"The Park Service’s guidance is a critical step to reaffirm the Wilderness Act, while also providing opportunities for visitors to enjoy rock climbing in these beautiful, wild places." - Kristen Brengel, NPCA's Senior VP of Government Affairs
Washington, DC – The National Park Service (NPS) has released draft guidance on climbing in wilderness. The Park Service’s guidance reaffirms the Wilderness Act and maintains that climbing is an appropriate use in wilderness. The guidance also specifies that low-density fixed anchors (climbing equipment left in place to allow safe ascent or descent of technical terrain) are the best way to protect resources while ensuring safety in wilderness.
This guidance is long overdue, especially considering the popularity of rock climbing throughout the country. Many of our country’s most iconic climbing sites are in designated wilderness in and around national parks. In fact, national parks like Joshua Tree and Black Canyon of the Gunnison hold some of the most popular climbing sites. But climbing has impacts, and this updated guidance is necessary to properly protect our most treasured cultural resources and bird nesting. The public will now have 60 days to comment on the draft guidance.
Statement by Kristen Brengel, Senior Vice President of Government Affairs at the National Parks Conservation Association (NPCA):
“For generations, we’ve agreed that some places are so special that their remoteness, wildlife, and natural and cultural resources should be preserved for visitors to enjoy. These are the places that receive the highest level of protection from Congress as wilderness. The Park Service’s guidance is a critical step to reaffirm the Wilderness Act, while also providing opportunities for visitors to enjoy rock climbing in these beautiful, wild places.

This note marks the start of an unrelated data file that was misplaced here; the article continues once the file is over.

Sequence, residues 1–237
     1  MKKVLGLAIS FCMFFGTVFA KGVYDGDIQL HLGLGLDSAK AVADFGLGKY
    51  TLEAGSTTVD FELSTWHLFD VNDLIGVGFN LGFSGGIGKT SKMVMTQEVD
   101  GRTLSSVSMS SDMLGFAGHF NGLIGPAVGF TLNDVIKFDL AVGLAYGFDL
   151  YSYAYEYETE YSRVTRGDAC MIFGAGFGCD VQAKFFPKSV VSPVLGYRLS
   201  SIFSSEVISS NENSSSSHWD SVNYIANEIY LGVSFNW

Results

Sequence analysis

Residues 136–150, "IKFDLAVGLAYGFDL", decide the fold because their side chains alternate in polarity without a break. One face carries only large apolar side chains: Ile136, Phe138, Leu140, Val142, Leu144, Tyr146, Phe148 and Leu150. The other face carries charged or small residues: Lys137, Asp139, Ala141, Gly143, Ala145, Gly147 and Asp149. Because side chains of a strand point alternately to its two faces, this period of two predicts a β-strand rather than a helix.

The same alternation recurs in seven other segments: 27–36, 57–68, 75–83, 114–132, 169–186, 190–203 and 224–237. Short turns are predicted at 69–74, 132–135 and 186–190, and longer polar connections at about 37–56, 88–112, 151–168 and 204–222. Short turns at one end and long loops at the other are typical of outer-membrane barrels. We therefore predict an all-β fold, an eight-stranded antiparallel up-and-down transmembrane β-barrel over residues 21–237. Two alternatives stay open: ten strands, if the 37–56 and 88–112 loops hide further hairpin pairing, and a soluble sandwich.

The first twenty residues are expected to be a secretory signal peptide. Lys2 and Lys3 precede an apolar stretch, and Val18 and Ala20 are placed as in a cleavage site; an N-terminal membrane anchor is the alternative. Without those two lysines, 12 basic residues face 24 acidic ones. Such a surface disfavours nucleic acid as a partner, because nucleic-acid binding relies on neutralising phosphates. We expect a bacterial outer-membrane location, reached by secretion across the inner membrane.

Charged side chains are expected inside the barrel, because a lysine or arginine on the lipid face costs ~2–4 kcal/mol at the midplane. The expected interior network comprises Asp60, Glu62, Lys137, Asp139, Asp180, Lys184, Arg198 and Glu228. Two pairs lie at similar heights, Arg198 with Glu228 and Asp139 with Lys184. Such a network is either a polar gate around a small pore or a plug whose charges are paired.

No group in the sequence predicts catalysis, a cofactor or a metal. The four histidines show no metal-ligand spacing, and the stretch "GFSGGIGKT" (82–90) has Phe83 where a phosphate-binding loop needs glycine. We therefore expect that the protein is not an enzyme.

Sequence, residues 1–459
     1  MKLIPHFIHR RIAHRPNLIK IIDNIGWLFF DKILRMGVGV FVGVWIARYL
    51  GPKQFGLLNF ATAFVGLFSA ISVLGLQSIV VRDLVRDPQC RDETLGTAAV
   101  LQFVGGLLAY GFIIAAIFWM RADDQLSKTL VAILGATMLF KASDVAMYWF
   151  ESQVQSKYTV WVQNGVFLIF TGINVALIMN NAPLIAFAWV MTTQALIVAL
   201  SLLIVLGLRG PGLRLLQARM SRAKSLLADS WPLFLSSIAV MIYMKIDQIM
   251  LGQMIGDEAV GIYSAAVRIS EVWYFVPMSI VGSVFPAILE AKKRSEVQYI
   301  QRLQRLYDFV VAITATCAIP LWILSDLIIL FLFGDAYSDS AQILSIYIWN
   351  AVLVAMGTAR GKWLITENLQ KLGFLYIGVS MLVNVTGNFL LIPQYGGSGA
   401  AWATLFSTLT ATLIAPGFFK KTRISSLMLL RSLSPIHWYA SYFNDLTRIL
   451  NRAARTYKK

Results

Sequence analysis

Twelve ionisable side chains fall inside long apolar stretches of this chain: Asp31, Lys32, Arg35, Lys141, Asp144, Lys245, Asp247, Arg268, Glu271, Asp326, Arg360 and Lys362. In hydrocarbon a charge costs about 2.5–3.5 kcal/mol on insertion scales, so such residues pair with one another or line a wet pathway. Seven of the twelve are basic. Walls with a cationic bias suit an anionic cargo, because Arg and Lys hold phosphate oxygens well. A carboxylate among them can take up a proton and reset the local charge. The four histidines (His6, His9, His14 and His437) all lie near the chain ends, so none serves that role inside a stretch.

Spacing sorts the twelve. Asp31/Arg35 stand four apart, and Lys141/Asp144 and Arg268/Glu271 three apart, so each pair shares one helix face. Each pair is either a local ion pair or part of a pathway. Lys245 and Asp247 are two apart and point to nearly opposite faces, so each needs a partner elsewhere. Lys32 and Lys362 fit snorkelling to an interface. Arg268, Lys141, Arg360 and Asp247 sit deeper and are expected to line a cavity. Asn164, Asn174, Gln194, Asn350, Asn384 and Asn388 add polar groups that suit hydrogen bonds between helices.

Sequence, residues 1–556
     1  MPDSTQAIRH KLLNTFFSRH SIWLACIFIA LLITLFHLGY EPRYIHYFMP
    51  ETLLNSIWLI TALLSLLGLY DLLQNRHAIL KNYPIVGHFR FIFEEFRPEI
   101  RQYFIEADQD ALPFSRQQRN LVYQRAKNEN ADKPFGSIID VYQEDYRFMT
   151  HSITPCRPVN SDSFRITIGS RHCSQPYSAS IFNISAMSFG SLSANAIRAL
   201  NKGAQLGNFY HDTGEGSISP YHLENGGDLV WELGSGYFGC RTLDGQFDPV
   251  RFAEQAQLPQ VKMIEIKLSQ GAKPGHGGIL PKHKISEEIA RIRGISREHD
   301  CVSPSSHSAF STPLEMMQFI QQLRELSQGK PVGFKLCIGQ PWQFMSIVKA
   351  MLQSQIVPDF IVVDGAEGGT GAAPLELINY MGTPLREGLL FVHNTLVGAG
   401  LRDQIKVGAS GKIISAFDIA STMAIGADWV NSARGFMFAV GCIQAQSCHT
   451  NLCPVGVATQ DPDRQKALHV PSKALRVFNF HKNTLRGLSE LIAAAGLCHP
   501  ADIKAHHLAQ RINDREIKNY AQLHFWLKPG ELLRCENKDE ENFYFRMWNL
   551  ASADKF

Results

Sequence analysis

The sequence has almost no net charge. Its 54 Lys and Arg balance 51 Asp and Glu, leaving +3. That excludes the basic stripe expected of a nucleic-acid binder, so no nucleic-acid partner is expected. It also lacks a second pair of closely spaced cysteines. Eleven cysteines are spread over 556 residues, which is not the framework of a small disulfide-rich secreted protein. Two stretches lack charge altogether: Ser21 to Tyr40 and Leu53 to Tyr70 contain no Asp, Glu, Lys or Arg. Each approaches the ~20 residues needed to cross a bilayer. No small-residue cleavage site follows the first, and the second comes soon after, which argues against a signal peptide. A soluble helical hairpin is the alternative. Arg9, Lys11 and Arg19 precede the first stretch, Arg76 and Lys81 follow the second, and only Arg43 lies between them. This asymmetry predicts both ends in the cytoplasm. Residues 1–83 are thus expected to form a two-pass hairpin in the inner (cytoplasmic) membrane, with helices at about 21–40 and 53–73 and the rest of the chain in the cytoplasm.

“NPCA has long supported the climbing community, who are deeply connected to our public lands and rely on the conservation of these landscapes to climb. We will continue to work with the Park Service to ensure we protect our natural wonders while also supporting lower-impact recreation activities like rock climbing.”
About the National Parks Conservation Association: Since 1919, the nonpartisan National Parks Conservation Association has been the leading voice in safeguarding our national parks. NPCA and its more than 1.6 million members and supporters work together to protect and preserve our nation’s most iconic and inspirational places for future generations. For more information, visit www.npca.org.
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